For the faithful, it was the worst of times, then it was the best of times.
For the disciples and other faithful followers, the days leading up to the crucifixion of Christ were horrific. Most, if not all, had witnessed Roman crucifixions before. As cruel as these killings were, they had become commonplace.
Some would say this form of punishment helped to keep the peace for occupied Roman territories, even cities like Jerusalem. The Romans were especially on the lookout for troublemakers, political and militant. A rugged cross “tamed” would-be offenders by eliminating them.
Jesus appeared to have convinced his followers that he was the Messiah, and any good Jew knew that the Messiah was invincible, literally made immune by God to the possibility of death. How else could he drive out the occupiers and return Israel to its religious, cultural and militaristic supremacy?
Jesus had stirred up local crowds before. Once a mob pushed him to the edge of cliff with plans to push him to his death only to have him walk away safely, literally parting the mob as he continued his travels and ministry. That would suggest Jesus would be untouchable.
However, what Christ experienced in Jerusalem reminded his followers that Jesus, the Son of God, was voluntarily vulnerable to the same kinds of torture — hellacious mistreatment — as any other person. Surely the faithful felt that any moment on the walk to Golgotha, Jesus would show his true stuff as the invincible Messiah. It would have been a grand stage for the vindication of the faithful for Jesus to martial legions of angels and the forces of nature and set straight an evil and crooked world.
The reconciliation approach hadn’t been in the Jewish playbook — only payback, revenge and reparation. And for all the fine teaching and his thrilling words, time was running out. For most, it all seemed to end when his breathing stopped and his bloody corpse was hastily prepared and sealed up in a foolproof tomb. To the Romans and to many among the religious leadership and followship, the proof was in the tomb.
The fake had been exposed as just another Messiah wannabe. They had seen such before. Jesus must have seemed like an unfulfilled dream to his followers on what we later would call Good Friday. What a difference a couple of days makes in God’s economy.
It is amazing that those following Christ, whose first impulse was to hide or flee when he died, became convinced otherwise in the days ahead. They became courageous. Instead of fleeing Jerusalem, they responded to Christ’s orders to stay put there.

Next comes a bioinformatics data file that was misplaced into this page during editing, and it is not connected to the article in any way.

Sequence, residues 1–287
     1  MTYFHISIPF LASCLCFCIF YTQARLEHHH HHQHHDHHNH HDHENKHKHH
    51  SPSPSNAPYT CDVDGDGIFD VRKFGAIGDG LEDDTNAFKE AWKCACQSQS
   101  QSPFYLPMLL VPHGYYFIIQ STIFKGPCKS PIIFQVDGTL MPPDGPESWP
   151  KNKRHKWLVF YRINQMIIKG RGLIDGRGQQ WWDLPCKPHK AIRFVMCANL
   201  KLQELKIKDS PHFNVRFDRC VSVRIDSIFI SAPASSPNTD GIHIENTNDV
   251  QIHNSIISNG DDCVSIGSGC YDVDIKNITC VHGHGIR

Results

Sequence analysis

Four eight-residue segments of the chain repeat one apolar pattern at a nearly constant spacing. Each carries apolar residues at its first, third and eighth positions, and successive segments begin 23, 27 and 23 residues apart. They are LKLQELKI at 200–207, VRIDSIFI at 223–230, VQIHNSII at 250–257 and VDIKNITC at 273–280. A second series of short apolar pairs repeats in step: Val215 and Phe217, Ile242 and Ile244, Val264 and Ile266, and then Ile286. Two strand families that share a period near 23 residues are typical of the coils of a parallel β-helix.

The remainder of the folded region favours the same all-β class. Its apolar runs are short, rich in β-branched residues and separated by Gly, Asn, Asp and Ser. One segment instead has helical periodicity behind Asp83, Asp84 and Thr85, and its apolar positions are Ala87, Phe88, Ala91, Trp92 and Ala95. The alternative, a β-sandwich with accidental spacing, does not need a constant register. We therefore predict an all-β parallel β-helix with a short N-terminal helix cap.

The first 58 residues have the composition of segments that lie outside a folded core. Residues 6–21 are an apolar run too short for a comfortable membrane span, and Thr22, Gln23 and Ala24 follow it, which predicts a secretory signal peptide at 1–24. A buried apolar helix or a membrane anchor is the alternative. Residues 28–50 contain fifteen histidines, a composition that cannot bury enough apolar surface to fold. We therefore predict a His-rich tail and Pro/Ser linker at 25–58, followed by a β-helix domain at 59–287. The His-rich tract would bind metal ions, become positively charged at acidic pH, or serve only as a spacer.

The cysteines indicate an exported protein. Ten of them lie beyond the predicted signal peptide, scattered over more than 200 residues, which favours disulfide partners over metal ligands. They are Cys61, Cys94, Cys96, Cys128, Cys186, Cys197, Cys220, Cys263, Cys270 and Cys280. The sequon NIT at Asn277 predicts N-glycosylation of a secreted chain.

Things began to change for the good. The message of resurrection and the witness of Christ-followers living like their Savior and Rabbi instilled hope, courage and faithfulness. Indeed, the one who had raised others from the dead and himself be resurrected by his Father in heaven.
One of the most remarkable things about these early believers might not have been that they were fearless or that they could perform miracles but that they demonstrated an understanding of Jesus’ teachings and demonstrated an understanding of what it meant to live out those teachings, even the fulfillment of the Old Testament law of Moses. The law was old but the walk was new. Jesus himself called it “the way.”
Believers were gathering regularly to worship. Some were convinced Jesus’ second coming was not far away. In a land where most people did well to have work for the day and, subsequently, enough income for a meal by evening, they organized the model for modern-day church potlucks. Hungry people were being fed under the auspices of the church.
Such generosity was funded in part by property owners who were compelled to sell whatever land and structures they had and generously shared the proceeds with the less fortunate. We gather from reading about those days that outsiders — even foreign visitors — were welcome and that widows and orphans who might previously been ignored (in direct violation of the sacred law) were being both acknowledged and given appropriate care.
While the firm establishment of Christ’s church is important to us today, this may not have been the primary motive in these early, heady days just after the resurrection. The focus really seemed to be on pleasing Jesus and following God in the various ways that Jesus taught and by imitating what he had demonstrated.
We have enough examples of people imitating bad behavior and doing the wrong things — hurtful actions — in our communities everyday. To the surprise of many in the first century, a movement that could have recruited a mighty army after Jesus’ return, chose instead to be vulnerable like Christ.
When at their best, his followers still fulfill the law of God as they walk in the way that embraces those that others often ignore. It’s still the way.
Bill Webb is editor of Word&Way.